[OUTLOOK]With More Years, There Is More to GiveThe presence of the active, bright former U.S. President Jimmy Carter during his August visit to Korea to participate in the Habitat for Humanity project was truly energizing. Habitat for Humanity is an international nonprofit organization that builds houses for families in need. Mr. Carter is living proof of the assertions made in his book, "The Virtues of Aging."
Mr. Carter was born in 1924 and is now 76 years old. In these, his twilight years, he seems to outshine those Korean politicians in the same age bracket, who continue to wrangle over political power. When asked in an interview with Barbara Walters when was the happiest period of his life, he replied, "I think it is right now." He was already in his 70s at the time of the interview.
His activities as special envoy of the U.S. president after he stepped down from his post are more highly valued than his achievements as president. There is a joke that Mr. Carter should have been the former president of the United States from the beginning. There could have been a joke that Mr. Carter should have been in his twilight years right from the start.
"Human desires deprive our inner spirits of peace and joy because of the anger, jealousy, strife, pain, despair and lack of self-confidence they all too often create," Mr. Carter said. "People should throw away these desires when they reach the elderly stage of life."
Mr. Carter also said that a symbol of maturity is to "accept open-heartedly and gallantly that unfulfilled dreams, sickness, disability and even death are all part of the human experience."
At the same time, he said that the most important thing for people who have reached their latter years is not their longevity but that they taste the joy, excitement, adventure and achievement of every moment. Hearing his words, it is unsurprising to note Mr. Carter's active involvement as a mediator in various troubled regions of the world and devotion to volunteerism, such as his Habitat for Humanity work.
Former President Carter's thoughts on aging may prompt many to reflect on how to live out the rest of their lives. In his book, Mr. Carter says, "We worry too much about what to live on, but not enough about what to live for."
According to a report by the National Statistical Office, Korea has become an "aging society," in which people older than 65 years old constitute more than 10 percent of the total population. That proportion is forecast to jump to 29.8 percent in 2030. In other words, every 10 people aged over 15 and below 65 will among them have to support three people aged over 65.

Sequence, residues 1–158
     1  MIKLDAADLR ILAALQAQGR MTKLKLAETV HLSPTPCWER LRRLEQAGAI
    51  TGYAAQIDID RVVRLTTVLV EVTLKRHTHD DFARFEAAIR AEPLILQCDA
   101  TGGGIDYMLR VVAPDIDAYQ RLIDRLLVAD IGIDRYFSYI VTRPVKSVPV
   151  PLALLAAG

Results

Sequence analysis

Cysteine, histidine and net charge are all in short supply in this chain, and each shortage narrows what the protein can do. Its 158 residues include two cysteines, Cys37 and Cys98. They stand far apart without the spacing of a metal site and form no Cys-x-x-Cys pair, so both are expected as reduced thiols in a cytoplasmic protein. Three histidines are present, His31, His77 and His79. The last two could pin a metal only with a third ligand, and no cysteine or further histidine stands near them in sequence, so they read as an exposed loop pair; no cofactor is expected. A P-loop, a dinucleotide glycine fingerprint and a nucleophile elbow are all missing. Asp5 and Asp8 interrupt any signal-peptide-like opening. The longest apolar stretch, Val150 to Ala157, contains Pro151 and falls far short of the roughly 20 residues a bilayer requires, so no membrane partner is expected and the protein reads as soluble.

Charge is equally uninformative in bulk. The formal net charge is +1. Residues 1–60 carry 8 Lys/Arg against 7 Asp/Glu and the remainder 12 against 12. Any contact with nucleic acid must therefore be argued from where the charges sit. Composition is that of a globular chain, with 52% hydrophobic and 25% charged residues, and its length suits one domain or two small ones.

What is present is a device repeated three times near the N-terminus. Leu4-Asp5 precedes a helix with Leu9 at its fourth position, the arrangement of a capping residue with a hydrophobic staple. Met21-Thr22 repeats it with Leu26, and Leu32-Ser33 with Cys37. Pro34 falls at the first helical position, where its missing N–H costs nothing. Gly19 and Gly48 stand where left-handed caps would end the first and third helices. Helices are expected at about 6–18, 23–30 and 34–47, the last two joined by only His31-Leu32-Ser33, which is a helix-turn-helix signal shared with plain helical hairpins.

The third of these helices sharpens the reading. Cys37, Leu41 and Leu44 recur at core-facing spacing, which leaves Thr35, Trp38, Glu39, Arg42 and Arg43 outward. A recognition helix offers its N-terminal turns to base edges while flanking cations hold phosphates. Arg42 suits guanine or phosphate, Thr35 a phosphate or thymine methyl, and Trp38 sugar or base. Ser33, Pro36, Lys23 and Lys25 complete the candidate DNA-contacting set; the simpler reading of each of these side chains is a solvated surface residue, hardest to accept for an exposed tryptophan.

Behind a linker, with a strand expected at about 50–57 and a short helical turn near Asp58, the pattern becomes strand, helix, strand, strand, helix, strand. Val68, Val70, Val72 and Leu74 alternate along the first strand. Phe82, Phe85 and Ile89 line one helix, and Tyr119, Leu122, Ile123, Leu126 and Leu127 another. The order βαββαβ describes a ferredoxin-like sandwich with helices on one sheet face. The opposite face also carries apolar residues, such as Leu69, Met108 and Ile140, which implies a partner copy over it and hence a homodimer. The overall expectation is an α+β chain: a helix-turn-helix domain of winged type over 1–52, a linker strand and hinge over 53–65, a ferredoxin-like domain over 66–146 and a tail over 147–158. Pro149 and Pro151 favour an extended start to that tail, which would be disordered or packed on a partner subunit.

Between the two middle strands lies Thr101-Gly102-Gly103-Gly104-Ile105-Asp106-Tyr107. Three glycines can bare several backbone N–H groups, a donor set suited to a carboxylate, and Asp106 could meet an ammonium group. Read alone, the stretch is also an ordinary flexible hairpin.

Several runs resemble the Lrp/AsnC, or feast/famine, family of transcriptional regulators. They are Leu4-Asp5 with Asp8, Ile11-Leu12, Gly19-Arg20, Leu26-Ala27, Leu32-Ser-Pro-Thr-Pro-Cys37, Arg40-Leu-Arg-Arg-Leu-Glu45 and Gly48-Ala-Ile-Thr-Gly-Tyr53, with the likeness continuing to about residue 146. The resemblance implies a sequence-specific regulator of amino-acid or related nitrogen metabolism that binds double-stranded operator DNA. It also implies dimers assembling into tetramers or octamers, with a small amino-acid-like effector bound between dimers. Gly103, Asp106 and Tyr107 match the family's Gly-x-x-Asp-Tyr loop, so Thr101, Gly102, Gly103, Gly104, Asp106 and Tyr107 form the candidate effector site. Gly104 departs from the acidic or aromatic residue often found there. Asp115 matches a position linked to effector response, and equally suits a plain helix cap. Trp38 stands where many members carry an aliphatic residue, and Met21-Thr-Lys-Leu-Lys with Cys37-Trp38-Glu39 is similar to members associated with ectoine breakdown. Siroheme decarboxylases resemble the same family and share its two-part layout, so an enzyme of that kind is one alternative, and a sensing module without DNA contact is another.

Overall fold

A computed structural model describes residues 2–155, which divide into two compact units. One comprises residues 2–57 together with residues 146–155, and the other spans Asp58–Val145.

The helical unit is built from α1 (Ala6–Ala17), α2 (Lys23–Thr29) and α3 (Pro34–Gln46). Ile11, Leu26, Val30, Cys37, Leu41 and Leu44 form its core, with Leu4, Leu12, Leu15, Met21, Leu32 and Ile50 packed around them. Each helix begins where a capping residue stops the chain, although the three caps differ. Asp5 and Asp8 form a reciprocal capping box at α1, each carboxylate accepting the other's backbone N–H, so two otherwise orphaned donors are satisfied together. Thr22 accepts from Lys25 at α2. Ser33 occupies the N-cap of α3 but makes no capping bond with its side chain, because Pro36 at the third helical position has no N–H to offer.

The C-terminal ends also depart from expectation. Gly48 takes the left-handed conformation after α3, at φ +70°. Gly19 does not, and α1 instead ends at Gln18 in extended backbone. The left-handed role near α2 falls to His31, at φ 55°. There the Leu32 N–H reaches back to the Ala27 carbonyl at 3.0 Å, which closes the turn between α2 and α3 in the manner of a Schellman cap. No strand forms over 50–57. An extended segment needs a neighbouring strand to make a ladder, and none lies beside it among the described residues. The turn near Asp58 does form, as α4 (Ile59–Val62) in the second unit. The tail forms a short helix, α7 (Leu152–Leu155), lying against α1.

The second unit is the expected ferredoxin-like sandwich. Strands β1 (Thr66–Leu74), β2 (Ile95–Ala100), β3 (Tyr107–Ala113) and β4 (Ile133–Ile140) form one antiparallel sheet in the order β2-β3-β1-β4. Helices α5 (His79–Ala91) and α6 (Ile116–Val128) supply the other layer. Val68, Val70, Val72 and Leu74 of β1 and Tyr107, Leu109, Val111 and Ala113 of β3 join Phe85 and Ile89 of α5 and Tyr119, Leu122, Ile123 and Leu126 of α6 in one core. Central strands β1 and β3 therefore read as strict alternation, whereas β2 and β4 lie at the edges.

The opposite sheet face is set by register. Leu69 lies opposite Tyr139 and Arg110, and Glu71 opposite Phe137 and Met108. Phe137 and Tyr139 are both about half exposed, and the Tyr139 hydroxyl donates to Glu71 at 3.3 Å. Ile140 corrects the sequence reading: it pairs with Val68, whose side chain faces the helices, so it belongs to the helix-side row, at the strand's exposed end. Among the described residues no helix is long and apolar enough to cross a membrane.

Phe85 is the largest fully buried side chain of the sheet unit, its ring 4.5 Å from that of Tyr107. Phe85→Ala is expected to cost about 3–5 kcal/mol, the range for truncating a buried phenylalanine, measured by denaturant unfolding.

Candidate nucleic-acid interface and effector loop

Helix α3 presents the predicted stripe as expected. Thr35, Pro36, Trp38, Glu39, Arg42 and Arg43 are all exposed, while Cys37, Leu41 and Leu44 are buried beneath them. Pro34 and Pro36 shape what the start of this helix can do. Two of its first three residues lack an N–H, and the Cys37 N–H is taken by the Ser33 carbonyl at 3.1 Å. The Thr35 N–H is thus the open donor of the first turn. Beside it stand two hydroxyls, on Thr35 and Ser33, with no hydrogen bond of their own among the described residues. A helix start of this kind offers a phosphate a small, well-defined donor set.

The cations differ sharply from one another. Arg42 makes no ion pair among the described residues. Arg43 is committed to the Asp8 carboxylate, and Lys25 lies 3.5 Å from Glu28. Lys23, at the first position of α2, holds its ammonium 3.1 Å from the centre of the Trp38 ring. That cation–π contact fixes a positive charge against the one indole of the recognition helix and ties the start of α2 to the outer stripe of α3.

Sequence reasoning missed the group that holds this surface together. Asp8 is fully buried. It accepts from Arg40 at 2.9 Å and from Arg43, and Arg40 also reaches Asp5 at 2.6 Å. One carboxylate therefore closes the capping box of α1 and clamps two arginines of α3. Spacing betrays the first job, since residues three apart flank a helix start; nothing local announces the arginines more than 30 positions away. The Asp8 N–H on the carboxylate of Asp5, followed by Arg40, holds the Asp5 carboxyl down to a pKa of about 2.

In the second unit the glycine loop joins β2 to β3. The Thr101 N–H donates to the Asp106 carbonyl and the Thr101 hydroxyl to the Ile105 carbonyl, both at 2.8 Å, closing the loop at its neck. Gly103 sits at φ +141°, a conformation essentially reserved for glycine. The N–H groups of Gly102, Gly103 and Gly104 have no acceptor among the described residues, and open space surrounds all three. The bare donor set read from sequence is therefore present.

This startling statistic illustrates that solving the problems that accompany aging societies is a national challenge that cannot be ignored.
The government's welfare policy is its key to solving these problems. However, obtaining welfare finance proportionate to the increasing share of the elderly population will be impossible, since the elderly population is increasing so rapidly. Even if enough money to fund welfare for the elderly was available, it would be wasteful to spend it all on providing welfare.
Among people over 65, there are many people who are healthy, have professional knowledge and are wealthy, with a lot of spare time. If they are motivated and encouraged by the state, many will gladly participate in volunteer activities for no payment, just like Mr. Carter.
This would reduce government expenditure in two ways. Many costly government operations would be supplemented by the volunteer activities of the elderly, and the government's welfare budget will be reduced.
Nowadays many skilled people who were laid off or forced to resign due to corporate restructuring are left wandering the streets. Many of them spend their time in baduk clubs. Others take exercise in the mountains. The wealthier among them go traveling. All the same, they are just killing time. There are many sectors of our society that would welcome a helping hand － the schools, the poor and organizations for environmental protection and social education.
The more advanced a society is, the more organized it is in making volunteers of its unused human resources. Mr. Carter said he was able to participate in the overseas volunteer sector because other volunteers had managed his farm while he was overseas.
Just like Mr. Carter, if elderly people have dreams and are motivated enough, they can contribute greatly to society. The problem is whether the state can foster such a caring attitude and whether it can provide a framework to enable such self-fulfillment.
Mr. Carter also said, "We start becoming old when regrets fill the place that used to be filled with dreams."
The writer is a senior editorial writer of the JoongAng Ilbo.
by Yu Seung-sam